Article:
EFSA found no negative effects in relation to B. paralicheniformis. However, any B. paralicheniformis strains that produce bacitracin will not get QPS.
On July 7, 2021, EFSA published another Update of the list of QPS-recommended biological agents intentionally added to food or feed.
Five taxonomic units were assessed for the first time, one of them being Bacillus paralicheniformis, first isolated from the traditional Korean food kimchi (Dunlap et al., 2015). Bacillus paralicheniformis is closely related to Bacillus sonorensis and Bacillus licheniformis, and was previously often wrongly identified as B. licheniformis.
EFSA’s Panel on Biological Hazards (BIOHAZ) found no negative effects in relation to B. paralicheniformis. In addition, all strains classified as B. paralicheniformis are intrinsically resistant to erythromycin.
There should be an ‘absence of genetic information to synthesize bacitracin’
However, strains of B. paralicheniformis have been reported to produce bacitracin, and this may even be an important characteristic of the species (Du et al., 2019). The QPS status was recommended with the qualifications ‘absence of toxigenic activity’ and ‘absence of genetic information to synthesize bacitracin’.
B. paralicheniformis strains used in the food chain are therefore not QPS if genes for bacitracin biosynthesis are found in the genome. This will have an impact on a number of B. paralicheniformis-based products already on the market.
What are the implications?
A microorganism that gets QPS status means that it doesn't require full safety assessments. However, there are many non-QPS microorganisms or their products on the market. For B. paralicheniformis to have a bacitracin-absence qualification does not mean that it can't be used. It means that further risk assessment will be required. The risk assessment depends on the regulatory category of the product and its intended use.
In the case of products of fermentation, it would be necessary to show that the hazard linked to the characteristic of the production strain is not carried into the final product. Thus, the absence of bacitracin, as well as cells and DNA of the production strain in the final product may be required.
In the case of strains used as such, the situation is more complicated. A safety assessment of the product for humans and the environment may be needed, with a focus on bacitracin.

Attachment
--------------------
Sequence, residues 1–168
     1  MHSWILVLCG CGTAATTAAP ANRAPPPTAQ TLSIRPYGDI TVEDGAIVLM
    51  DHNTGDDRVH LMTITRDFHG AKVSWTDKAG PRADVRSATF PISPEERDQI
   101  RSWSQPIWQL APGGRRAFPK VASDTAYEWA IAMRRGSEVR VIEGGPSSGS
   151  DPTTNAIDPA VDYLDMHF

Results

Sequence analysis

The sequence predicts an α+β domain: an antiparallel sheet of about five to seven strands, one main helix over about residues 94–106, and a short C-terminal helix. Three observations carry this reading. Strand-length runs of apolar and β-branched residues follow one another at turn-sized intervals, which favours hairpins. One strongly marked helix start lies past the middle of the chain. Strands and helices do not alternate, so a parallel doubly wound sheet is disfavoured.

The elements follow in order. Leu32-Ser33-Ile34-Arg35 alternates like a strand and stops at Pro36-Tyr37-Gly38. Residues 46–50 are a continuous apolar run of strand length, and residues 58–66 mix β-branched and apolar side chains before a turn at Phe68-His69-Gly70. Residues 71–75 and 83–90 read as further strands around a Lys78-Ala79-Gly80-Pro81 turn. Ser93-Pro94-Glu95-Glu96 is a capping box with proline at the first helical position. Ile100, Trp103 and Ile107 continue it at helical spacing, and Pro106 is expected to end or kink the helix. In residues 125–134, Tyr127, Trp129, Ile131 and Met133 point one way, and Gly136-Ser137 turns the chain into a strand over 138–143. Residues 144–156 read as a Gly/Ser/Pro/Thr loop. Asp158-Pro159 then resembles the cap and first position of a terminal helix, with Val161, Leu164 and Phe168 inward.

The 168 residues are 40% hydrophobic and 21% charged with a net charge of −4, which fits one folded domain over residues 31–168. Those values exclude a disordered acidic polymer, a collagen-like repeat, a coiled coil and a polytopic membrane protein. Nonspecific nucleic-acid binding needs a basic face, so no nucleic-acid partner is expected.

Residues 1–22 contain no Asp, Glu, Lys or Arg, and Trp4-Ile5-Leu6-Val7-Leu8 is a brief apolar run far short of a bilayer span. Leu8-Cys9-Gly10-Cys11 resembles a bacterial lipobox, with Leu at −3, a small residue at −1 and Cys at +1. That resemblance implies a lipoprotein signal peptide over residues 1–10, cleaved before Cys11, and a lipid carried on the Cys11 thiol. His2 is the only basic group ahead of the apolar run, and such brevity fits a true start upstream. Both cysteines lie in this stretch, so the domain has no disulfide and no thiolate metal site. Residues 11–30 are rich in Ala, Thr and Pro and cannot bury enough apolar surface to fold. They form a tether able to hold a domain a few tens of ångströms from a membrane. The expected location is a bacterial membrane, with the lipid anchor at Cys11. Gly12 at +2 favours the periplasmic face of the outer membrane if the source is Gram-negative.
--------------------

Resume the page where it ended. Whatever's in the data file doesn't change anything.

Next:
The problem with bacitracin
Some questions may help understand the context and the related risks. You should ask, for example, if the strain actually produces bacitracin during the fermentation or under the realistic conditions of use, considering that many secondary metabolite biosynthesis pathways are silent under most conditions.
If bacitracin is not produced, what would be the risks related to the biosynthesis genes of bacitracin?
Are there factors in the genome, which might facilitate the mobility of the biosynthesis operon?
Is bacitracin necessary for the efficacy of the product?
The worst-case scenario is that bacitracin biosynthesis needs to be inactivated using either conventional or modern mutagenesis, which could change the strain's beneficial characteristics or increase regulatory requirements.
Bacillus paralicheniformis products already on the market
We could speculate what happens to Bacillus paralicheniformis products already on the market or in the product development pipeline. Products requiring renewal of authorisation will be re-assessed and the question of bacitracin synthesis will need to be addressed. Some companies may react by halting the development of products based on B. paralicheniformis. We estimate that the QPS qualification will reduce the number of B. paralicheniformis products entering the market. Some products currently marketed as Bacillus licheniformis or Bacillus sonorensis may be affected.
Know your strain
When the taxonomic classification of a species changes, as in this case, or when new relevant information emerges, you can expect changes in the QPS list and qualifications. Our advice remains the same: you should be the best expert on the strain you have brought to the market. Know its characteristics and follow scientific literature about its safety. That will help you prepare for regulatory changes as well. Biosafe can help you select the right strategy and microbial testing process to get your product to market successfully.
Can your microorganism get QPS status?